Bur'I is both the name of a people and a country.
Bur'I has one of the longest-recorded histories in the known worlds, with a direct royal line claiming more than 1,000 generations.
Today, Bur'I is a constitutional monarchy consisting of eighteen major star systems and thirty-three minor, including 79 worlds total. A minor, backwater country by inter-stellar standards.
Though officially part of the Alliance, Bur'I is too remote to participate fully. Many of the countries in the surrounding region are not members of the Alliance, having formed more recently and chosen not to join. For its remote location, Bur'I does not receive millitary support from the Alliance and must maintain its own borders.
Therefore Bur'I is perhaps best known for its space navy, whose ten capital-class ships are probably the only active vessels in the verse able to go blow-for-blow with a GS battleship. No other political entity in the region has such large or heavily armed warships.
Bur'I's military owes success to twelve FTL drives, purchased as surplus from the Gudersnipe Foundation during the Third Age. Two of them have since been lost; but the other ten, carefully maintained, serve Bur'I more than 3,000 years later.
During the Mage Wars, Bur'I existed as a dramatically smaller nation on one of the flat dimensions. They had inhabited that region since the Age of Darkness, and sometime changed from the old Lion clan to Bur'Ians.
According to Bur'Ian tradition, their roots can be traced to the Empire of Roads.
Because Bur'I has nearly eight billion inhabitants and a lengthy history of industrialization, there are few natural areas left. Nearly every inch of the planet has, at one time or another, been incorporated.
The government has a long history of buying back public land and saving it for later resale (sometimes holding it for centuries), to regulate prices. These parcels are left untouched and any developments on them allowed to crumble, so these areas (sometimes thousands of aches) often become wilderness for a time.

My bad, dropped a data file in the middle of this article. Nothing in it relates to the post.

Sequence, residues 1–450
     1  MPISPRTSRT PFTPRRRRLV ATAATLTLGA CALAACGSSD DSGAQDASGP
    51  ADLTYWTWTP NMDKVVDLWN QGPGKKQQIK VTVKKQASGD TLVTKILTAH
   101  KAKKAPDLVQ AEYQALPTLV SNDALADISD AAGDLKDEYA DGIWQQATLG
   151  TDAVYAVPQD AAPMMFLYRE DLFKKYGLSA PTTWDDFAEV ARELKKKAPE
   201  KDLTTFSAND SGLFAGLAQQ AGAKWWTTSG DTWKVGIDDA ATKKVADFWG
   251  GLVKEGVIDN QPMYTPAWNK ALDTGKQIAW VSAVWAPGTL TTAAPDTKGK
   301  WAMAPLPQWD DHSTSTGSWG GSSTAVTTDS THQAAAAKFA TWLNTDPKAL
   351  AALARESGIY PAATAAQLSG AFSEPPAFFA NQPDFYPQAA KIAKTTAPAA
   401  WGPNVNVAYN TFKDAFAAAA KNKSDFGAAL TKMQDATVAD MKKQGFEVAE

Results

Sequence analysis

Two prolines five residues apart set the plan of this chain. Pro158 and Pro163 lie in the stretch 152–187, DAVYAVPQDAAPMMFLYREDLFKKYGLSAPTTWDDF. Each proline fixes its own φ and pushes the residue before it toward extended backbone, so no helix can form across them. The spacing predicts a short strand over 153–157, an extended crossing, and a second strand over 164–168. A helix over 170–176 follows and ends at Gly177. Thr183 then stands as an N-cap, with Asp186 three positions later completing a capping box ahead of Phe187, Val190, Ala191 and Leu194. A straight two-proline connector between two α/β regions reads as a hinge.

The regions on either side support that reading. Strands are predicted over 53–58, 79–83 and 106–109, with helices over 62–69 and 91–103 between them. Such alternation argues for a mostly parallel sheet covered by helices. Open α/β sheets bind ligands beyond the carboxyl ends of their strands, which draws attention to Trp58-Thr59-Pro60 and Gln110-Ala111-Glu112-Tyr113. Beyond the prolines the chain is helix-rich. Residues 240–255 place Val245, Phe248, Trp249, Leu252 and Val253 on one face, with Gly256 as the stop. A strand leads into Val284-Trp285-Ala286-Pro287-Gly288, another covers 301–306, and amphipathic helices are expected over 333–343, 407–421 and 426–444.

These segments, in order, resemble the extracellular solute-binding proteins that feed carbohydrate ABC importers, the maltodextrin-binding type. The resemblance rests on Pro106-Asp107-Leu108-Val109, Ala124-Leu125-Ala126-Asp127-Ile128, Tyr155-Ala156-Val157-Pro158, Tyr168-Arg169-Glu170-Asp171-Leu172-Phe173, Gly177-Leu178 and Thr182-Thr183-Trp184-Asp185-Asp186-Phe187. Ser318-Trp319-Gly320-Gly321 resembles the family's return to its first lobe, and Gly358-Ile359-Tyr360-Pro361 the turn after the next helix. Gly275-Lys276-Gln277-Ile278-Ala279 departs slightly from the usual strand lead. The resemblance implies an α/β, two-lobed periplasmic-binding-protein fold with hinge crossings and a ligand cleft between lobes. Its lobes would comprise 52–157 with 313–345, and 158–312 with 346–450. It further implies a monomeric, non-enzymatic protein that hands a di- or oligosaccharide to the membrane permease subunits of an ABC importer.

Several national parks are designated wilderness areas, maintained by a park service and generally kept up by the Bur'Ians themselves. These parks are managed and include trails, campsites, and other recreational facilities, but a general sense of preservation is always maintained. The public in general adheres to notions of 'leave no trace' and takes good care of unspoiled nature.
Hunting and Fishing
Commercial fishing essentially stopped around the mid Second Age, when fish hatcheries proved much more effective and renewable. Recreational fishing continues, as the ocean fish population is very plentiful in a lack of commercial harvesting. Freshwater fishing mostly takes place on recreational lakes, where fish are stocked from commercial hatcheries. Fishing in wilderness is strictly controlled.
Hunting by contrast, is very uncommon. Most wilderness areas are also designated wildlife refuges, and off-limits to hunters. A general lack of undeveloped land leads to a dearth of game animals. Hunting of apex-predators is completely forbidden as they are rare in nature, and even common game animals see very little hunting activity. It is, in general, insupportable.
Without available animals to support actual hunting, the practice of stalking has become popular over the years. It consists primarily of animal-tracking and identification, whereafter some stalkers include photography to create a reasonable trophy. Essentially, all of the elements of hunting but the kill.
The monarchy is an unbroken bloodline all the way to the edge of Antiquity, and is governed by strict rules of succession. The crown passes through the bloodline only, so that each successive reigning monarch is a direct descendant of the original king.
Rules of Succession
The first recorded monarch was crowned king in his own right; however the monarchy was regarded as equal-opportunity. The succession is from first-born-to-first-born, meaning the first child born to the reigning monarch will be the next monarch. Under Bur'Ian tradition, the heir-apparent is not given a middle-name (only first, and the last name 'Bur'I'). The only time a reigning monarch has a middle name is when crowned later in life.
Bur'Ian tradition actually records succession according to the prince or princess. Once the first-born of the reigning monarch reaches adolescence, it is crowned. If a crowned prince had a younger brother, he is a prince, but not the crowned prince. The passing of prince to king (or princess to queen) often goes un-noticed.